After interviewing local dental technicians, police concluded that, due to their shape and color, it was highly likely that the carpenter’s artificial teeth matched the dental records.

Police also obtained an X-ray from a hospital the man visited, which provided conclusive evidence. It showed “a feature on the backbone typical of those who regularly carry heavy objects over long periods of time.”

Miyagi Prefectural Police set up a task force in November 2011 dedicated to researching and investigating unidentified and missing individuals. The officers from the task force have since taken various unorthodox approaches to their mission, including zooming in on pictures of remains and looking for moles or signs of surgery that might have been overlooked in an autopsy.

In the city of Ishinomaki, Miyagi Prefecture, a photo found near a male body was even helpful in identifying that man. Fingerprints found on the photo and that of the individual matched, and police went on to determine which photo-developing machine was used to print it, based on a code found on its back side. After going from that photo studio to another equipped with the same machine, police officers found the studio that actually developed the photo, which led to the identification of the 43-year-old man.

“Methods leading to identification are different in each case,” an officer with the task force said. “We are determined to make continuous efforts to find clues step by step.”

In addition to checking DNA samples and dental charts against the remains, Iwate Prefectural Police have released facial sketches of those who are still unidentified and held consultation events at temporary housing facilities.

Five years since the disaster, police in the coastal areas — who play a central role in search efforts — are renewing their pledge to recover the remains and return them to families in a bid to help bring closure to those still suffering.

Tomonori Hirobata, a 29-year-old senior officer at the Kahoku Police Station in coastal Ishinomaki, has taken part in the more than 1,000 searches since the disasters, when he was dispatched from the Naruko Police Station, in the inland city of Osaki.

Hirobata said he has had many exchanges with the locals at the police station and sometimes receives words of appreciation from them.

“There are still so many missing individuals who should be returned to their families, but my efforts are not enough,” Hirobata said apologetically.

Hirobata said he has seen many families of the missing and dead shed tears over the loss of their relatives, which has renewed his determination to help bring them closure.

“Who else would conduct the search but us?” he asked.

21 March 2015

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Two bodies recovered, nine still missing after Chitral avalanche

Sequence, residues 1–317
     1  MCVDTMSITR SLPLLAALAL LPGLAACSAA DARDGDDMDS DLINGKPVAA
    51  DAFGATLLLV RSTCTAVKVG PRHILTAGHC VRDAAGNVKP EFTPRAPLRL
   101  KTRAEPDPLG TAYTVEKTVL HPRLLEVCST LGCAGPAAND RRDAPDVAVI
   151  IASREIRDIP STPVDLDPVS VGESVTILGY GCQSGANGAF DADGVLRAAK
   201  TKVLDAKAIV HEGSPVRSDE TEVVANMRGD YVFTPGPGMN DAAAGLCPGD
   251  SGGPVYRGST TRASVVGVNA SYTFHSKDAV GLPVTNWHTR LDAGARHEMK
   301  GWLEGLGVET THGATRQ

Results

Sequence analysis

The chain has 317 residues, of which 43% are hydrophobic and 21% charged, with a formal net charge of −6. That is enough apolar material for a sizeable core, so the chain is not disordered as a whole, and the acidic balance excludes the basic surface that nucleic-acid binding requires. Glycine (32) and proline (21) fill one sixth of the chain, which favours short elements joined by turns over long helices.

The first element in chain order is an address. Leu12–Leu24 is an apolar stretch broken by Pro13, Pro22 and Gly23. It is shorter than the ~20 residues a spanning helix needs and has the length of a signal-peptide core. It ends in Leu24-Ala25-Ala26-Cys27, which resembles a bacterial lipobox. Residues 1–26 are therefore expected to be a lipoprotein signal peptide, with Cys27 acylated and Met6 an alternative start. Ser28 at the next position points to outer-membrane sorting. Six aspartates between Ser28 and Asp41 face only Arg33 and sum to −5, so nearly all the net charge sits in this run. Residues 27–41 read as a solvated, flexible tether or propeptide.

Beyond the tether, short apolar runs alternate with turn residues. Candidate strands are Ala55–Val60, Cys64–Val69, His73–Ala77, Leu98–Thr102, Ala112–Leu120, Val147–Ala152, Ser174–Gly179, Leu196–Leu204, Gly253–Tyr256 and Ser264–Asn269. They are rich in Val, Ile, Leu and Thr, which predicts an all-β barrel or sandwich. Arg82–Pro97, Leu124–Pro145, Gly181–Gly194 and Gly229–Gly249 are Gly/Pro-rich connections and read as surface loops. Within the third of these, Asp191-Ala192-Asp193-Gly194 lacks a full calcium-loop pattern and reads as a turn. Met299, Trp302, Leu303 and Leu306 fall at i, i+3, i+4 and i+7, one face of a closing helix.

Rescuers on Sunday found the bodies of two schoolchildren hit by an avalanche in the mountainous northwest, while nine more remain buried beneath the snow.

The disaster struck on Saturday afternoon near the village of Susom, some 40 kilometres north of the town of Chitral in Khyber Pakhtunkhwa (KP), local police station chief Sultan Baig said.

Worried parents and authorities began searching for the ninth graders when they did not return from school. “The chances of finding any survivors are very low,” said local deputy mayor Mohammad Ali. “But you never know, people have been found alive buried under snow for nearly 20 hours.”

Meanwhile, Provincial Disaster Management Authority (PDMA) spokesperson announced the demise of at least eight students while claiming to have recovered two bodies. The casualties include Rehmat Bai, Imran Uddin, Faiz Ali, Ali Shan, Imran Khan, Elahi, Irshad Murad and Mubashir.

“So far two bodies have been recovered and due to the terrain and topography heavy machinery could not make their way to the area people are using local available equipment to recover the bodies,” the PDMA spokesperson said.

Talking to APP, an official of Police Control Chitral Fazaluddin said that soon after the incident, the Pakistan Army troops and Scouts rushed to the site in Susoom village of Karimabad. He said that of two bodies recovered so far, one is of a student and the other of a passerby. The recovered bodies were identified as Mubashir S/O Nouroz, resident of Susoom and Rehmat S/O Adina, also from Susoom village in Karimabad.

The official said that the rescue operation was halted due to bad weather and heavy rain. Due to the fear of another avalanche, the operation was stopped, he said.

Heavy rains have killed at least 79 people, injured 101 others and damaged 240 houses since March 9 across the country, according to the National Disaster Management Authority. It said landslides and collapsed roofs caused most of the fatalities.

Monday 21 March 2015